BEIJING (Reuters) – The death toll from typhoon Lekima in eastern China rose to 44 people on Monday morning, according to official data, as the storm continued up the coast, racking up billions of dollars in economic losses and widely disrupting travel.
Rescue workers help residents stranded in a building partially submerged by floodwaters after Typhoon Lekima hit the city of Linhai in Taizhou, Zhejiang province, China August 11, 2019. REUTERS/Stringer
An additional 12 people were recorded dead from the storm, including seven from Zhejiang province and five from Shandong, with 16 people missing, according to data from provincial emergency bureaus and state media.
State broadcaster CCTV had put the death toll at 32 on Sunday.
Typhoon Lekima made landfall early on Saturday in China’s Zhejiang province, with winds gusting up to 187 kmh (116 mph). The center of the storm has since traveled north through Shandong and off the coast.
Many of the earlier deaths occurred when a natural dam collapsed in Zhejiang after a deluge of 160 mm (6.2 inches) of rain within three hours.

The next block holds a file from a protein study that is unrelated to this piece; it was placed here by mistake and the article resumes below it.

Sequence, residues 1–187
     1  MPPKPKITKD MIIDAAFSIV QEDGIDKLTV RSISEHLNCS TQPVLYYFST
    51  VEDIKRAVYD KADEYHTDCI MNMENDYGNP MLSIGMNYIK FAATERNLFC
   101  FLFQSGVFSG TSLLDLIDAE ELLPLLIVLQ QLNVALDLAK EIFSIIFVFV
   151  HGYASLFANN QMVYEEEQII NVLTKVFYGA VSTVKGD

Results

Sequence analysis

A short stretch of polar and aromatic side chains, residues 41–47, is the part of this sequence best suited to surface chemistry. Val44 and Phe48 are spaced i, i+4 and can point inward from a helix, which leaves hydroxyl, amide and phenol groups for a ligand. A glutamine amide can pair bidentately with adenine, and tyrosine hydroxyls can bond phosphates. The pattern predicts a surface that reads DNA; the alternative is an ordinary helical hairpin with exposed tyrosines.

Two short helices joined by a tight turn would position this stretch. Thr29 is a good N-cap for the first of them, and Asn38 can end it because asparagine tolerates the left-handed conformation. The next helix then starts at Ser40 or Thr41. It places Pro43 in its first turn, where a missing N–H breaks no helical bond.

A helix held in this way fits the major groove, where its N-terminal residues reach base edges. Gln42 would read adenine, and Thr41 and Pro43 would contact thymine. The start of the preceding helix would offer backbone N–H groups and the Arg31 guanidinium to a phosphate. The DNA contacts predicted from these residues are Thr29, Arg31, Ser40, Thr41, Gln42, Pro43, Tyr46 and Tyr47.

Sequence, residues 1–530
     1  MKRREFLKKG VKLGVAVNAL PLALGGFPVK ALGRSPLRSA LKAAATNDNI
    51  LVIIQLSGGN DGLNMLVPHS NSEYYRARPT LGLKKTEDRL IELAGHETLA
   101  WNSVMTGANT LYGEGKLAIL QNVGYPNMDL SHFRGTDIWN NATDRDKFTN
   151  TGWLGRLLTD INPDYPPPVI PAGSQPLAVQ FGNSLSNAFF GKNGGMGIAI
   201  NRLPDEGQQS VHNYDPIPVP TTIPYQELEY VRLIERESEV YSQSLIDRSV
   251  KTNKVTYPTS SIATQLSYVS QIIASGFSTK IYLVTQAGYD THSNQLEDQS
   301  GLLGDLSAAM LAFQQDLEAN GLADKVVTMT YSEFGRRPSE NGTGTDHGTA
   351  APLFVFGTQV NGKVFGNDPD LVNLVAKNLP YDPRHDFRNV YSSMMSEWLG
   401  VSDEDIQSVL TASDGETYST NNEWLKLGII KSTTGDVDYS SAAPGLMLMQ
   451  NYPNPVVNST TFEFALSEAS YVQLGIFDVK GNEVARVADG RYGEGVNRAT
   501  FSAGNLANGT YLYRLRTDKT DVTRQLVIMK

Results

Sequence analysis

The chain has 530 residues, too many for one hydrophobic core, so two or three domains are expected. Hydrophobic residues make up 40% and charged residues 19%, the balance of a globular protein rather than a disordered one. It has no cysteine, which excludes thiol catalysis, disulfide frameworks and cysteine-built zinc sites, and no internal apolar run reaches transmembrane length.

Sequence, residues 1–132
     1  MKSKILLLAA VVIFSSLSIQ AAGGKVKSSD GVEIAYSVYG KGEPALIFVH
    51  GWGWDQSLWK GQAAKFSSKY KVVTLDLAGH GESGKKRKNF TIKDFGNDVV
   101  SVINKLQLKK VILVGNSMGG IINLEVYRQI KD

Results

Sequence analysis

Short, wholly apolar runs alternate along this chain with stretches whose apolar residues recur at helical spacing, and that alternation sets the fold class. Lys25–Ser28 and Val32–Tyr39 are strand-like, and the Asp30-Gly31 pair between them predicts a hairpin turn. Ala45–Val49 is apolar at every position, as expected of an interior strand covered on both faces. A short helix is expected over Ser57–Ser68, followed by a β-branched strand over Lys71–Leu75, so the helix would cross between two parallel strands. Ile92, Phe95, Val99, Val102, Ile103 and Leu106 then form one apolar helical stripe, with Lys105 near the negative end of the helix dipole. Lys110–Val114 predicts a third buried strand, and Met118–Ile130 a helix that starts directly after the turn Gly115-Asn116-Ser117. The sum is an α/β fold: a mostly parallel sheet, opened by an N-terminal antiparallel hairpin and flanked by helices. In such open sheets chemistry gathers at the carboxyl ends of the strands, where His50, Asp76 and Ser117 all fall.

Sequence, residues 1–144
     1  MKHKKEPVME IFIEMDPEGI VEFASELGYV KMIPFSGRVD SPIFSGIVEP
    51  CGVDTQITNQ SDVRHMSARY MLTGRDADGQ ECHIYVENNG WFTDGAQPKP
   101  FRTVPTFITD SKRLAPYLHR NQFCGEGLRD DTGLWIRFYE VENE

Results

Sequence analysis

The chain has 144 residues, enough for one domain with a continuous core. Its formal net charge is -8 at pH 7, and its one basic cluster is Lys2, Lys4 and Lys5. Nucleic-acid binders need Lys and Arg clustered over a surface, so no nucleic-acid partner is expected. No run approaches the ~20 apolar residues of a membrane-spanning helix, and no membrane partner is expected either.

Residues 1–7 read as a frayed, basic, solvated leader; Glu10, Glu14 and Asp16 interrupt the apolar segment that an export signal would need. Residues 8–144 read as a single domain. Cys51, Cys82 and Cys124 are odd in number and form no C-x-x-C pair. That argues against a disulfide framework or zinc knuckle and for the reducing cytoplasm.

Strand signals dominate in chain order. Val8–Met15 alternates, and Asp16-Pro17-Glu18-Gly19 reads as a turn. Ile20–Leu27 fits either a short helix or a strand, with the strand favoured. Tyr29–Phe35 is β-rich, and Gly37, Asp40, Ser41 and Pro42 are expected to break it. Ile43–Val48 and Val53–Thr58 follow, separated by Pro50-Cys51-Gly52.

The Shandong Emergency Management Bureau said more than 180,000 people were evacuated in the province, adding to an earlier evacuation of roughly 1 million people in Zhejiang and Jiangsu provinces as well as the financial hub of Shanghai.
The latest update from Shandong brings the total estimated economic toll of the storm to 18 billion yuan ($2.55 billion) in China, including damage to 364,000 hectares of crops and more than 36,000 homes. Shandong alone estimated the total economic impact on agriculture was 939 million yuan.
Qingdao, a popular tourist hub in eastern Shandong, issued a red alert on Sunday, closing all its tourists sites and suspending 127 trains and all long-distance bus services, according to official media.
Lekima is China’s ninth typhoon this year. China’s state broadcaster said on Sunday more than 3,200 flights had been canceled but that some suspensions on high-speed railway lines had been lifted.
The typhoon was expected to weaken as it heads northwest off the coast of Shandong into the ocean east of China’s capital, Beijing.
Reporting by Cate Cadell; Editing by Paul Tait